Spring Tides (Paperback)

Spring Tides By Jacques Poulin, Sheila Fischman (Translated by) Cover Image

Spring Tides (Paperback)

By Jacques Poulin, Sheila Fischman (Translated by)


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Peacefully employed on an uninhabited island, Teddy Bear, a translator of comic strips, lives in the company of his faithful dictionary, his marauding cat, Matousalem, and the Prince, his tennis ball machine. Convinced that the translator’s happiness is in jeopardy, his boss helicopters in a few solitude-seeking companions: the lovely and elusive Marie, the aging nudist Featherhead with her extroverted Chihuahua in tow, Professor Moccasin, the somewhat deaf comic book scholar, the irritable Author, the Ordinary Man, and the Organizer, sent to "sensitize the population." The feverish pitch of the island’s discordant chorus rises with the spring tides. Jacques Poulin’s hilarious philosophical fable is an existential masterpiece.
Born in Saint-Gédéon-de-Beauce, Jacques Poulin is the author of fourteen novels. Among his many honors are the Governor General's Award, the Molson Prize in the Arts, the Gilles-Corbeil Prize, and the France-Québec Prize. He lives in Québec City.

Sheila Fischman has published more than 125 translations of contemporary French-Canadian. Fischman was named to the Order of Canada in 2002 and to the Ordre national du Québec in 2008; in the same year she received the Molson Prize in the Arts.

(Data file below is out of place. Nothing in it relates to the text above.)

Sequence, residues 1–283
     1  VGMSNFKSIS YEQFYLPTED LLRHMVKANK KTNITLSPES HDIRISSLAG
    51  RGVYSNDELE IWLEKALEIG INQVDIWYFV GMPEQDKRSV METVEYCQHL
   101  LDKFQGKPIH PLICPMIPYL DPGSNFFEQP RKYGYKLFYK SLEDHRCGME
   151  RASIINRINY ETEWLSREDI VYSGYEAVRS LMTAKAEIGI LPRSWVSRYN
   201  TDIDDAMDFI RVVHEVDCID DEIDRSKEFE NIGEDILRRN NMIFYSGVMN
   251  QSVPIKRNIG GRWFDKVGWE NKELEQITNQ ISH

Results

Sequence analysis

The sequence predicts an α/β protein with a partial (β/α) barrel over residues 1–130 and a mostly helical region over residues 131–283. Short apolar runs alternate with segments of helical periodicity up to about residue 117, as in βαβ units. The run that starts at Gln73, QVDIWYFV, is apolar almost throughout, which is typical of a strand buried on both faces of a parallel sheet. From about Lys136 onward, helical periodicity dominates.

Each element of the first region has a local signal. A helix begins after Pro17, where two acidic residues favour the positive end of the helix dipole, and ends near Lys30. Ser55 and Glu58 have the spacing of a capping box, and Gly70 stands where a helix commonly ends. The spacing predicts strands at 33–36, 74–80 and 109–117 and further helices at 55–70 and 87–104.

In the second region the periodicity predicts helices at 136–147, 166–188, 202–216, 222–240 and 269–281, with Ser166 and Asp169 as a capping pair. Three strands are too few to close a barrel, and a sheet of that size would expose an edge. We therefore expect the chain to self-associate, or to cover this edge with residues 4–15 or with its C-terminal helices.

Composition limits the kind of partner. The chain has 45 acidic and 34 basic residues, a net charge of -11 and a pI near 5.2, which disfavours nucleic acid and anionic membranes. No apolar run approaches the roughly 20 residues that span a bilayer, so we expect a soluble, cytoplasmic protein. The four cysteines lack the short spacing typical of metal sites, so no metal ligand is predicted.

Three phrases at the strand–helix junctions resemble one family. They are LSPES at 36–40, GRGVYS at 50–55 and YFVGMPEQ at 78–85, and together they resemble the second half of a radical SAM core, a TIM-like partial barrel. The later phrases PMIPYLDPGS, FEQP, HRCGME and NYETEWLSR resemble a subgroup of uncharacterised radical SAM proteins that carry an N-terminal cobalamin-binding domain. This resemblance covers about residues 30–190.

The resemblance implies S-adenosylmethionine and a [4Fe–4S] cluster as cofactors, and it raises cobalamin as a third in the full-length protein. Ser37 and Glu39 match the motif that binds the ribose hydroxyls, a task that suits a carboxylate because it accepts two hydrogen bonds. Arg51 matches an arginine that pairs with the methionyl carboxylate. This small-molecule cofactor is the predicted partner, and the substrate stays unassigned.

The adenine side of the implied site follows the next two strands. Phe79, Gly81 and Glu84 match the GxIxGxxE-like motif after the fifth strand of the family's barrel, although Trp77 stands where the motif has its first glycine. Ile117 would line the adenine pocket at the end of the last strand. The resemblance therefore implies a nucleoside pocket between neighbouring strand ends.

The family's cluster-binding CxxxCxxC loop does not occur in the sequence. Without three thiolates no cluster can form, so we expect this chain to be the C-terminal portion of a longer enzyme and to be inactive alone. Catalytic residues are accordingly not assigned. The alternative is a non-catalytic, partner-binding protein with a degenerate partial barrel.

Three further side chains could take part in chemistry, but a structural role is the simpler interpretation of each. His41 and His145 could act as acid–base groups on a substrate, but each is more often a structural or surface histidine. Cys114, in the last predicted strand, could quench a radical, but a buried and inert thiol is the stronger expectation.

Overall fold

Product Details ISBN: 9780977857647
ISBN-10: 0977857646
Publisher: Archipelago
Publication Date: August 20th, 2007
Pages: 237
Language: English
Winner of Canada’s Governor General’s Award

For decades Poulin has been teaching us that great literature can be about small things: the language of love and the love of language, the pleasure of solitude and the grief of loneliness, the value of work and the importance of play. While each of his novels stands on its own, together they create a world that is instantly recognizable and immediately endearing. —Alyson Waters, Yale University

Poulin is a master of imagery and dialogue: they rest like froth on top of something much more murky and morose: an underlying fear of emptiness. —The Silhouette

Shares a mix of detached humour, fantasy and compassion with Vonnegut and Salinger. —Saskatoon Star-Phoenix One of the finest and most underrated novelists in Québec. —The Globe & Mail

The most affecting aspect of Spring Tides, I think, is the unexpected sense of loss that sneaks up on you at the end of the novel, like a sudden deep pain, as if Poulin has been distracting you by making shadows with one hand while the other did its subtle, cutting work. —Nick Ancosta, The New York Sun